Written by Sally Crowe
What is the James Lind Alliance (JLA)?
The JLA is a non-profit making initiative which was established in 2004. It brings patients, carers and clinicians (healthcare professionals) together in Priority Setting Partnerships to identify and prioritise the unanswered questions about treatments that they agree are most important. The JLA’s work is carried out by a small number of JLA Advisers. It is coordinated and overseen by the National Institute for Health Research Evaluation, Trials and Studies Coordinating Centre (NETSCC) UK.
What are JLA Priority Setting Partnerships?
Priority Setting Partnerships focus treatment uncertainties in a particular condition or healthcare issue. A treatment uncertainty is the effects of treatment which cannot currently be answered by a relevant, reliable up-to-date systematic review of existing research evidence. Partnerships consist of individuals and organisations representing patients with the condition, their carers and the healthcare professionals who treat them.
What do Priority Setting Partnerships do?
They follow a prioritisation process that results in ten interventional (treatment) uncertainties for consideration by research funders. There are five key stages:
- Defining the health/social care issue and agreeing what is in scope.
- Identifying partners for the process, awareness raising, and contracting for partnership effectiveness. This includes agreeing who does what, gaining ownership of processes and outcomes, setting timelines and considering contingencies.
- Establishing a Steering Group
- Gathering treatment uncertainties directly from clinicians, patients, and carers, via groups/ organisations/alliances, using standard methods such as surveys
- Gathering treatment uncertainties from existing UK research recommendations, including: BMJ Clinical Evidence, Clinical Practice Guidance, Cochrane Reviews, NICE/SIGN Guidance
- Uncertainties are gathered, categorised into themes, refined and similar uncertainties grouped and reworded.
- Existing evidence base checked, to establish that they are uncertainties (definition: no up-to-date, reliable systematic reviews exist OR up-to-date systematic reviews show that uncertainty exists).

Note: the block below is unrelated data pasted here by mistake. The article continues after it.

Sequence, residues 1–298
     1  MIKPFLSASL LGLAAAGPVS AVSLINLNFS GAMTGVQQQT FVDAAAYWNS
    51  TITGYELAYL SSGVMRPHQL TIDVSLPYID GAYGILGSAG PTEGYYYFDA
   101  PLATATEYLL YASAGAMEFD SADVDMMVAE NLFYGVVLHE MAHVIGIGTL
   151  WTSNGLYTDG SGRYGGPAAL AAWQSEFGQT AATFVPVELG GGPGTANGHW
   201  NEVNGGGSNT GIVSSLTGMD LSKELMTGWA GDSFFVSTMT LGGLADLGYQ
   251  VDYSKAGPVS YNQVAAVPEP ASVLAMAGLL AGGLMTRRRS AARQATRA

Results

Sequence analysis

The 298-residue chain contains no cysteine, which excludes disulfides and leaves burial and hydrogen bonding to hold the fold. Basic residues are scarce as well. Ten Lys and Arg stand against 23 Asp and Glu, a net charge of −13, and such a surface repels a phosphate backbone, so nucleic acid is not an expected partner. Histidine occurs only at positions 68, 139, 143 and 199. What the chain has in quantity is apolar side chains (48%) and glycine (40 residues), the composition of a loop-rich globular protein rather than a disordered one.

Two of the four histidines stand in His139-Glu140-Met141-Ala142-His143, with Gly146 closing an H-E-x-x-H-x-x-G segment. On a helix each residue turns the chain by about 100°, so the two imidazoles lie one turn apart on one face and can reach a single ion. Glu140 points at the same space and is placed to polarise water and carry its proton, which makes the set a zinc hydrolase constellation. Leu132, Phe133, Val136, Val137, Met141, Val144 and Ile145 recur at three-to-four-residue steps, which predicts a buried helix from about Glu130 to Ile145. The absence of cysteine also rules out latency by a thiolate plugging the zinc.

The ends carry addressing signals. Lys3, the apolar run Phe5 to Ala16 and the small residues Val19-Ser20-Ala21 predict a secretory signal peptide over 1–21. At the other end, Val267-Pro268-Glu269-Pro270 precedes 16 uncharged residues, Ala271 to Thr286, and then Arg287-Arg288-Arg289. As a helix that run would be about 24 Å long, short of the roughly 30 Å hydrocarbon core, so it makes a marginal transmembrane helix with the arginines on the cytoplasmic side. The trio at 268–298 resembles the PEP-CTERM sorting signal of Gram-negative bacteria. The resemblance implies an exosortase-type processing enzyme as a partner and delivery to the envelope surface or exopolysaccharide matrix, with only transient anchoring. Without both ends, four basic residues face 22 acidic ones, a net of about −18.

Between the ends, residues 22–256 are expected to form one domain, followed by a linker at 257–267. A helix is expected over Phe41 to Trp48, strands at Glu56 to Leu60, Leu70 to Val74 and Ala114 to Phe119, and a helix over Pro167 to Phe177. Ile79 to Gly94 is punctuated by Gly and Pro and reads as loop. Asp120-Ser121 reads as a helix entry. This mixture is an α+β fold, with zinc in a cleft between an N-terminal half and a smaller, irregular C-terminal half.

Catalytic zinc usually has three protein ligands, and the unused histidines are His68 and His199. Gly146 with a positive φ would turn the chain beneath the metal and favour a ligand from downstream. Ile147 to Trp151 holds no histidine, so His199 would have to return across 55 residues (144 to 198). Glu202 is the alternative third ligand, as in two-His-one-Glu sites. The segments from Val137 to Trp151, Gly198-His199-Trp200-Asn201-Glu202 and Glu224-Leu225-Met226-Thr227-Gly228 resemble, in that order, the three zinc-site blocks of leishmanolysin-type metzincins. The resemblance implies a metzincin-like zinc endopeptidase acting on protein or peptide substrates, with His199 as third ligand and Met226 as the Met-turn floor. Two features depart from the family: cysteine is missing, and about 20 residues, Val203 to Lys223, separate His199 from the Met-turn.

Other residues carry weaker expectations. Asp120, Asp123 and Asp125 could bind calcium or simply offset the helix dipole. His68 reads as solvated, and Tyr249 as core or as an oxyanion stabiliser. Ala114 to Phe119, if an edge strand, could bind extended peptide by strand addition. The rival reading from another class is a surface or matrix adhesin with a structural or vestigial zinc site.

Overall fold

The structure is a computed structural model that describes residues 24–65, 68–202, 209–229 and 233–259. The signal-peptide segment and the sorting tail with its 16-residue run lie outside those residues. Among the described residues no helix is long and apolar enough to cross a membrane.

- All of uncertainties are entered into UK DUETs www.library.nhs.uk/duets
- Interim phase: consultation with partners, to reduce usually hundreds of uncertainties to a manageable number (<30). Methods include electronic voting
- Once a shortlist has been agreed, it goes forward for final priority setting.
- Final phase: Priority setting workshop – all partner representatives are invited. Workshop is modest in size - 30 people, and pre-workshop packs contain contextual information as well as the short list or research uncertainties to be prioritised. Nominal group technique is used (pre-workshop individual ranking followed by rounds of small group discussion and ranking, aggregating rank order as workshop progresses). Final plenary session agrees shared ‘top ten’ treatment uncertainties, and some discussion about the research response required e.g. primary research, updated systematic review etc
Pictures from priority setting workshops in urinary incontinence and type 1 diabetes
5. Reporting and refining
- Work on priorities to fashion them into good quality research questions (Steering Group activity or workshop)
- Formally to partners, and their communities of interest
- Publish in relevant high impact journals, and patient/carer publications.
- Funding organisations and allied groups, for example, Cochrane Collaboration, National Institute for Health Research Programmes, Relevant Charitable Foundations
- What happens to the treatment uncertainties which are not prioritised or put in the top 10?
- Those uncertainties are not lost. They are still part of UK DUETs and can still be accessed by researchers and research funders.
Where can I find out more?
- Go to www.jla.nihr.ac.uk. For practical guidance on the JLA’s priority setting process, visit www.JLAguidebook.org. Or follow us on Twitter www.twitter.com/LindAlliance